Heliozela hammoniella Sorhagen, 1885
Betula pubescens, Lauwersmeer, Ballastplaatbos; © Corrie van As: vacated mine with excision
Betula pubescens, Belgium, prov. Namur, Nismes © Stéphane Claerebout: vacated mine
detail of the excision
Betula pubescens, Belgium, prov. Antwerp, Mol, © Carina Van Steenwinkel: mine with an exceptionally long gallery section
The larva begins its life as a borer in the pith of a twig. Only when it is almost full grown it enters a petiole, then the midrib, of a leaf. The leaf becomes starved that way, and turns somewhat pale (Hering, 1957a). From the midrib a short full depth corridor runs into the blade, generally in the basal part of the leaf. The corridor usually is quite short but when it happens to be longer a central frass line is visible. Finally an oval excision of about 3 x 5 mm is cut out, in which the larva drops to the ground.
Larvae in July – August (Emmet, 1983c).
BE recorded (Wullaert, 2010a).
NE recorded (Kuchlein ao, 1988a; Microlepidoptera.nl, 2009).
LUX not recorded (Fauna Europaea, 2009).
distribution within Europe
From Fennoscandia and northern Russia to the Pyrenees, Alps, and Romania, and from Ireland to Central Russia (Fauna Europaea, 2009).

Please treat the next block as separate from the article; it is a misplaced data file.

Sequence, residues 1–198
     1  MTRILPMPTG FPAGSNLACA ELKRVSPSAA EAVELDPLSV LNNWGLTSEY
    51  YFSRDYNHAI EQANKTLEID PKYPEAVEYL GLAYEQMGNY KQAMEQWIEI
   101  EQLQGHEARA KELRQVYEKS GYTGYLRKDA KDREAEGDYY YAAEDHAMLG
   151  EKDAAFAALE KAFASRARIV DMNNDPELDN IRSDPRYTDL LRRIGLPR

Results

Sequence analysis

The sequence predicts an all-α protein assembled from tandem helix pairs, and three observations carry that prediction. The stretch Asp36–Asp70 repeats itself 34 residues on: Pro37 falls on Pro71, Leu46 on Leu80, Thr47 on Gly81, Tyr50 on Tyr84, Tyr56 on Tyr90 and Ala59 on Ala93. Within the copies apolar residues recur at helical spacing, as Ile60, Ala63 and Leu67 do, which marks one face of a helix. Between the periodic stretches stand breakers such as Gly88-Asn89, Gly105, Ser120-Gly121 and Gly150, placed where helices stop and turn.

Described by Patočka & Turčáni (2005a).
Heliozela betulae (Stainton, 1890).
For a long time, no morphological characters were available to separate hammoniella from Heliozela resplendella. Several authors, including Kuchlein & de Vos (1999a), therefore have synonymized both taxa. Mutanen ao (2007a) have definitely established that two distinct species are involved.
Ahr (1966a), Bengtsson (2008a), Borkowski (2003a), Buhr (1935a, 1964a), Dauphin & Aniotsbehere (1997a), Emmet (1983c), Hering (1927b, 1957a), Huisman, Koster, Muus & van Nieukerken (2013a), Kozlov, van Nieukerken, Zverev & Zvereva (2013a), Kuchlein ao (1988a), Kuchlein & Donner (1993), Kuchlein & de Vos (1999a), Mutanen, Itämies & Kaila (2007a), Patočka & Turčáni (2005a), De Prins & Steeman (2011a 2013a), Redfern & Shirley (2011a), Robbins (1991a), Schütze (1931a), Skala (1949a), Sønderup (1949a), Wullaert (2010a).